Age, reading, and old friends

Can some books only be enjoyed at a certain age? That’s the premise of this post in the Guardian, which got me thinking about books I enjoyed tremendously at one time and now can’t quite get that same excitement from. Or even get through, in some cases.

For example: Breakfast of Champions. I LOVED this book in high school and college. But I took it on vacation with me this spring, and couldn’t get past page 10.

For example: A Wrinkle In Time. I actually still like the imagination of book a lot, but it’s very dated, and I couldn’t help but see some themes in it as an adult that I didn’t see as a kid, and which brought my enjoyment of the book down a few notches.

For example: All books by Tom Robbins. I was very attached to them in my early 20s.

On the other hand, there are books I read when I was younger that I didn’t appreciate much then, and now appreciate more.

For example: Catcher in the Rye. A lot of people say they have the opposite reaction, that they can’t figure out what blew them away about this book at age 16; when they reread it as adults it falls flat.

And there are books which after I’ve read them I’ve thought, I might appreciate this more if I read it when I get older. I can’t think of any solid examples right now, but they are definitely out there.

I actually find not being able to recapture the original euphoric feelings I had about a book incredibly depressing. Some people don’t read books twice for this reason. Of course, some people don’t read books twice because they think life’s too short and there are too many books to read to bother to backtrack. I used to be of this camp, but then I started writing and I began to need/want to examine some books/authors more carefully, and sometimes this requires re-reading. Also, I guess I got older and I began to miss some books that I had read a long time ago, kind of like you might miss an old friend.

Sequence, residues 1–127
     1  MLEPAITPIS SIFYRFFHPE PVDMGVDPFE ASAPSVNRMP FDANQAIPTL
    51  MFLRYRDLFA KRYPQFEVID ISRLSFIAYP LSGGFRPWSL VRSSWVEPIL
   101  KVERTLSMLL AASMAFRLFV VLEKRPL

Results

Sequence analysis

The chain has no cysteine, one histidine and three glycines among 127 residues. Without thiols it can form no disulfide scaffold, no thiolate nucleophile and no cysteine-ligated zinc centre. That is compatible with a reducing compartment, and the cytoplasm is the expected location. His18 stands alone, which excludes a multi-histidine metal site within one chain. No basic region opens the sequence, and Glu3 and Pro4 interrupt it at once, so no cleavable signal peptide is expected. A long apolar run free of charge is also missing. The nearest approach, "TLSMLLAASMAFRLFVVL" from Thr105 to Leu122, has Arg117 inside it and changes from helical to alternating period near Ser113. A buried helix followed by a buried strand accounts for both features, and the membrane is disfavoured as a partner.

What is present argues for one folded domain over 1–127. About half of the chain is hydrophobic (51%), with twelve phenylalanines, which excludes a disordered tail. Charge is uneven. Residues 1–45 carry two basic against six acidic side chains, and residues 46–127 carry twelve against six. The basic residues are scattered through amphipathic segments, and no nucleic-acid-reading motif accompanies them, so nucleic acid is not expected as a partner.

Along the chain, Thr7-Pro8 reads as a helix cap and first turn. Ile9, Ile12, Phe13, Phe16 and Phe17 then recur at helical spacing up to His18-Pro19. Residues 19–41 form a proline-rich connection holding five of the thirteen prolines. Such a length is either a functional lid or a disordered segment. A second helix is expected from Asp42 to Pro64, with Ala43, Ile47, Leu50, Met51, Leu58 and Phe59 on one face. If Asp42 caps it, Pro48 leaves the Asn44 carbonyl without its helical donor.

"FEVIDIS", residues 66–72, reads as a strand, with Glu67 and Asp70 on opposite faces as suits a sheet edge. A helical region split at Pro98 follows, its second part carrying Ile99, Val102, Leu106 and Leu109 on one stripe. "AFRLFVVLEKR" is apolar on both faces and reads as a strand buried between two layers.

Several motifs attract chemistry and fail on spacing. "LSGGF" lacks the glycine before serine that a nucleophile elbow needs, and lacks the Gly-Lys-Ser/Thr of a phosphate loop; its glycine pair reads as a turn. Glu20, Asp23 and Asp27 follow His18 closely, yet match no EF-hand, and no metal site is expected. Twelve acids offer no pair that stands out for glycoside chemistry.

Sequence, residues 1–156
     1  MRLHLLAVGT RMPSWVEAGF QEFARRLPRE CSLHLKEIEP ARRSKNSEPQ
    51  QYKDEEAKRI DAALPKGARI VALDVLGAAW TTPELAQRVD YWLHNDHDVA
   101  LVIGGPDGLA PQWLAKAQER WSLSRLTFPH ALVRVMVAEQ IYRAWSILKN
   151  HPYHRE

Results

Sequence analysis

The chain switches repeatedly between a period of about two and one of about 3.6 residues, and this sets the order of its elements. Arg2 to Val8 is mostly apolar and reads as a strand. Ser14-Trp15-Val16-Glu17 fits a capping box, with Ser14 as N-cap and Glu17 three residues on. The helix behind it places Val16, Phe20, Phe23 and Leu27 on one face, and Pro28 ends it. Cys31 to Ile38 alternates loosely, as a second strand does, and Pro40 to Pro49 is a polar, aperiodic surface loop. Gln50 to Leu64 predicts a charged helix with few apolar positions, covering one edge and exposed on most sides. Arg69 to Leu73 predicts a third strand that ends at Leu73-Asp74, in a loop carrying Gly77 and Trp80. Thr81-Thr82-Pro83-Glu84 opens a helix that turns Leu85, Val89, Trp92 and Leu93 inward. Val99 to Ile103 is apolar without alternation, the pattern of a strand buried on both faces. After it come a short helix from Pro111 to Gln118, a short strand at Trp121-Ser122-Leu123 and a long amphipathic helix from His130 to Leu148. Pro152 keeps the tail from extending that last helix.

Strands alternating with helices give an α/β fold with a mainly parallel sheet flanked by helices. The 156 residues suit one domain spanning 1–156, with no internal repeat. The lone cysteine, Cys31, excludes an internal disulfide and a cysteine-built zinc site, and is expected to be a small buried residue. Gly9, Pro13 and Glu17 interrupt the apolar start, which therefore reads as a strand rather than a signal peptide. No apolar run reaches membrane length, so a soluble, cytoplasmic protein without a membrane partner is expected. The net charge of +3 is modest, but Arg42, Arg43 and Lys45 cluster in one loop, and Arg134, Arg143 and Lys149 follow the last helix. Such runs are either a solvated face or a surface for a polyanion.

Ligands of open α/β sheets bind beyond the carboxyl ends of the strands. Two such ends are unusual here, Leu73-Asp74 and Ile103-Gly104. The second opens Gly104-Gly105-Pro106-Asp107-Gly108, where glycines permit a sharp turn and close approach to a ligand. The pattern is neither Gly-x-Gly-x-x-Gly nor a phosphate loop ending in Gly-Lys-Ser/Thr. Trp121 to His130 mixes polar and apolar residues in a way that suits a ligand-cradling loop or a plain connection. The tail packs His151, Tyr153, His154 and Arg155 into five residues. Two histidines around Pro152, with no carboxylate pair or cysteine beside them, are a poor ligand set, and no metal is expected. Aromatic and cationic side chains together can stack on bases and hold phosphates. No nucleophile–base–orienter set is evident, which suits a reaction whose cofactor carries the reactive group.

One thought on “Age, reading, and old friends

  1. Bouncing around your blog randomly (tea break – and I’m fascinated by a process you’ve engaged with for 6.5 years – sorry!) – I do so empathise with this. There are certain books I’ve picked up and put down for years because the person I was at that point just wasn’t ready to listen – Dante’s Inferno being a case in point which I’ve just started digging into. On the other hand, coming back to some writers decades later feels like an encounter on an entirely different level. Yeats, for example. ‘The Fascination Of What’s Difficult’ is a very different poem for me in my forties after years of wrestling with managing stuff. The Yeats groupie that was me in my twenties would have just skimmed past it in search of the occult stuff.

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